OpenSea, the world’s largest NFT marketplace, reportedly began blocking Iranian users citing U.S. sanctions against the country, while popular Ethereum wallet MetaMask was unavailable in certain blacklisted countries due to restrictions by its host Infura.

The moves sparked widespread debate over the supposedly decentralized nature of crypto, and whether other major companies would also fall in line with U.S. blacklists against Russia. So far, most major exchanges have said they will not block Russian users.

OpenSea and Metamask both affected by Sanctions

Iranian users were reportedly blocked by OpenSea starting Thursday. The NFT marketplace, which is headquartered in New York, said while it was sorry for the impacted users, it was required to follow U.S. sanction laws.

Venezuelan users were also unable to access Ethereum wallet MetaMask, although the move appeared to be part of a broader crackdown by Infura, through which MetaMask accesses the blockchain. Infura then clarified that while blocking Venezuela was unintentional, it had blacklisted several other countries sanctioned by the United States, including two separatist regions in Ukraine.

In changing some configurations as a result of the new sanctions directives from the United States and other jurisdictions, we mistakenly configured the settings more broadly than they needed to be.

-Infura on twitter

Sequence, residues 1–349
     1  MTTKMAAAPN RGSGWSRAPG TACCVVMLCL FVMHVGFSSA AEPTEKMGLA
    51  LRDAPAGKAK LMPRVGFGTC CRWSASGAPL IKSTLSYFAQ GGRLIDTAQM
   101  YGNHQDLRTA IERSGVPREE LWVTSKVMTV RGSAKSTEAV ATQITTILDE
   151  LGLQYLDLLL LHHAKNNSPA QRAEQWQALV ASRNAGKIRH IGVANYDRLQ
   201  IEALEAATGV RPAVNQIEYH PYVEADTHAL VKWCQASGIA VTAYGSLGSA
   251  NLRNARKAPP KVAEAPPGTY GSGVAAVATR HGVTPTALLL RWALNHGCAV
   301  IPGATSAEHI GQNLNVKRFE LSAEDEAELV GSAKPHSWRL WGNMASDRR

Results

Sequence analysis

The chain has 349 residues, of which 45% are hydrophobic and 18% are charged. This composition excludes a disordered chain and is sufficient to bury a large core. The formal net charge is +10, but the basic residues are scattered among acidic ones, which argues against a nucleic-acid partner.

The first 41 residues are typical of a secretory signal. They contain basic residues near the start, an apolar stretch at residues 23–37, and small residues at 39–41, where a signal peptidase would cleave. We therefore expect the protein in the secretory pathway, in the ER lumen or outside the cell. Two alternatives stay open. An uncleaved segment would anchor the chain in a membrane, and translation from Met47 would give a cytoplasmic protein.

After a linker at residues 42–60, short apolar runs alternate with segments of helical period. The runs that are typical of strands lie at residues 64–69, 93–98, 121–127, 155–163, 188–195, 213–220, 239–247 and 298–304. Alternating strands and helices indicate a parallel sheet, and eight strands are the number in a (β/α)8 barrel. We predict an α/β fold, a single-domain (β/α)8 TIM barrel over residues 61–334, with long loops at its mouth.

It was not immediately clear whether the two services were available in Russia. Western sanctions against Russia, some of the strictest seen yet, went into effect from March 1.

Russian crypto sanctions a point of focus

Binance, the world’s largest crypto exchange, said while it will comply with U.S. sanctions in blocking certain Russian entities, it will not impose a blanket ban on Russian users. Others, including Kraken, have also said they will not ban citizens in the country.

Their comments come in the wake of a request from the Ukrainian government to blacklist Russian users. The Ukraine government also offered a bounty for any information on the wallets of Russian and Belarusian .

The move attracted criticism from the crypto community, specifically on the grounds that the space is not supposed to see interference from regulators or politics. But given that so many crypto platforms run on centralized infrastructure, it would make them subject to regulation.  Speculation has also grown over whether Russia could use crypto to bypass the new sanctions, although experts dismissed the notion.

The United States recently added crypto  to its Russian sanctions, and warned exchanges against transacting with blacklisted entities. The European Union also said it would take steps to ensure Russia does not evade sanctions through crypto.

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